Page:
Earlier this year, YouTube rolled out 360-degree videos. Like magic, they let you peer around in any direction from within the video. Now, one company is taking that futuristic video-viewing from your computer—and bringing it to your much bigger TV screen.
Today, Littlstar, a Disney-funded VR service, announced it’s bringing 360-degree videos to televisions using Apple TV. It has brought VR and 360-degree videos on a bunch of platforms—including mobile apps, Samsung Gear VR, and now, Apple TV—so there are thousands of already existing videos in the library that you can watch on your TV.
Littlstar’s partnered with big names like National Geographic, the Wall Street Journal, Mountain Dew, and Showtime. Huge brands contribute content, but Littlstar also curates good stuff from individual users or smaller outfits, too.
Using your Siri Remote’s track pad, you can gawk around the world within the video, picking up on something new each time. 360-degrees are wild and a game changer because they make you feel like you’re really there, and like VR, they shift the power from the camera and the director to you, the viewer. You decide what to look at, where to look, and for how long.
Littlstar launched in 2014 and billed itself as the world’s first online community for 360-degree, panoramic and VR video. It’s gone through Disney Accelerator, an incubator that helps tech startups succeed in the entertainment space.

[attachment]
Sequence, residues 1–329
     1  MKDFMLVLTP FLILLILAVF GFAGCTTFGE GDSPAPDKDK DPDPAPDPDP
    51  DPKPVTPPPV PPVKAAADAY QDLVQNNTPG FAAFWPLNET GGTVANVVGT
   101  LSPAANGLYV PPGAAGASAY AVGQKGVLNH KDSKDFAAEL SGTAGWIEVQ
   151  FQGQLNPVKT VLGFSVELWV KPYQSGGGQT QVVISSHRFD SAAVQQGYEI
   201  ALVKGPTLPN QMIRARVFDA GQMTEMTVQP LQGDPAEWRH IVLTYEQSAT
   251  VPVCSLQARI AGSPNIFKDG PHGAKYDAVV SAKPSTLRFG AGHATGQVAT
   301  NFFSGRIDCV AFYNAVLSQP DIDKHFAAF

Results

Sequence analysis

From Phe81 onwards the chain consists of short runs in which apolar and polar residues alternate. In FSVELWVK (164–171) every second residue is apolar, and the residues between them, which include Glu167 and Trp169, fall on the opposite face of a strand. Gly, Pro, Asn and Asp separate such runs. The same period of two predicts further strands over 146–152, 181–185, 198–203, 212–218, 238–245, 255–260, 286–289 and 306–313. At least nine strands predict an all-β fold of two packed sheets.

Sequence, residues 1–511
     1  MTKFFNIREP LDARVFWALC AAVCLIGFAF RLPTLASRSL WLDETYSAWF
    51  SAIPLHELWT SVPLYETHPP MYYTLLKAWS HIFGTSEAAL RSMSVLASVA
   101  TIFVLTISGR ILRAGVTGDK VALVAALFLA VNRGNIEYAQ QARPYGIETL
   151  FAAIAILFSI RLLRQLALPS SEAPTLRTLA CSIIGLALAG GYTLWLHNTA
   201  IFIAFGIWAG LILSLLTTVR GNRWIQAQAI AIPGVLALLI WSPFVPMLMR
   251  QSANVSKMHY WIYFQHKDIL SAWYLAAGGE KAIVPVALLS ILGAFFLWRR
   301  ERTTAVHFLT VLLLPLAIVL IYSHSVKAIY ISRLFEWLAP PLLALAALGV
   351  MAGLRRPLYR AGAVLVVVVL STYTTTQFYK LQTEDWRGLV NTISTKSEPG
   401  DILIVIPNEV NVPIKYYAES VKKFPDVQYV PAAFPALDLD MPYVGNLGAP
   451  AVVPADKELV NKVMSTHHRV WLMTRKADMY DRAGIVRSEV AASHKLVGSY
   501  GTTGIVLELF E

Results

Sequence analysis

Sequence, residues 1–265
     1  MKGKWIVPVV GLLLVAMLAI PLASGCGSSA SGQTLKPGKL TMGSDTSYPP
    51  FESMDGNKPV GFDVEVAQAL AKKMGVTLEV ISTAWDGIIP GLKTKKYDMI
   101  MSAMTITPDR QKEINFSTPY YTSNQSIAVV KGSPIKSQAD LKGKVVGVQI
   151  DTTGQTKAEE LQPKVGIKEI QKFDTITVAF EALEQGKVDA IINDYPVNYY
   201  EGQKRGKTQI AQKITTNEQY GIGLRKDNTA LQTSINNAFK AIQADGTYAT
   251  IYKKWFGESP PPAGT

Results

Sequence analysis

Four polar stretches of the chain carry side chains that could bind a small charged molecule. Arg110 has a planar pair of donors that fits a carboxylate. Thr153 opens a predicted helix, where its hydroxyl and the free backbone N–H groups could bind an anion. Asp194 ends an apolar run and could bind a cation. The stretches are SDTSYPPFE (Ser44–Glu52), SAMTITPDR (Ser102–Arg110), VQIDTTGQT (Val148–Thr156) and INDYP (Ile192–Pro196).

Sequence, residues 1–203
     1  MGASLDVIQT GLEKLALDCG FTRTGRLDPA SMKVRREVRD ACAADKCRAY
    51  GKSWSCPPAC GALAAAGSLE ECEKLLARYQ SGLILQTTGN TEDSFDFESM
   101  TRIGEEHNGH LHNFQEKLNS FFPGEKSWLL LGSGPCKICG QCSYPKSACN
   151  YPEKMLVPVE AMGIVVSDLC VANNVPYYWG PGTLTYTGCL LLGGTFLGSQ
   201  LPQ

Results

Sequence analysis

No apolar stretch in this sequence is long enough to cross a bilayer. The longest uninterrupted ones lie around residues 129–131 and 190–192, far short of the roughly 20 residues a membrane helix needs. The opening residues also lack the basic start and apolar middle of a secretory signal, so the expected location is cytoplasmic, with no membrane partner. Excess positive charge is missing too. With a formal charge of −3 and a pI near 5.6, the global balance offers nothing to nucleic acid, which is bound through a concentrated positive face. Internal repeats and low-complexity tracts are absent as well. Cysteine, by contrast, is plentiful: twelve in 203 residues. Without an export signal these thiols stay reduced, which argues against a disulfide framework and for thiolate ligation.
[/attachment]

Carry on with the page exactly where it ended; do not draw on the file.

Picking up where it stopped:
In this five-minute mini documentary from the Wall Street Journal, you follow a professional ballerina rehearsing in the studio. (Being able to smoothly track the fast-moving dancer with minimal frame rate glitches is pretty impressive, by the way!) And then you watch her from your balcony seat at New York’s Lincoln Center theatre. National Geographic, meanwhile, sticks you in the middle of the majestic Yellowstone State Park. In another popular video, Wargames, publisher of the massively multiplayer online title World of Tanks, places you in a reenactment of a 1941 WWII tank battle.
It makes sense that Littlstar, or companies like it, want to bring 360-degree videos—2D VR, essentially—to TVs. As entertainment media has splintered and fragmented into a trillion different services the last few years, tech companies and content creators have been trying to figure out how to bring internet-centric services like Netflix to the comforts of a big TV set that you can watch from your sofa. Products like Apple TV, Roku and Sling bring streaming video from your internet browser to your television, and online gaming platform Steam recently ventured into the living room with its brand new physical console.
Entertainment and journalism are two of the most exciting spaces for VR and 360-degree technology to go crazy in. Today, your TV set—tomorrow, a cinema? We’re hoping, and waiting.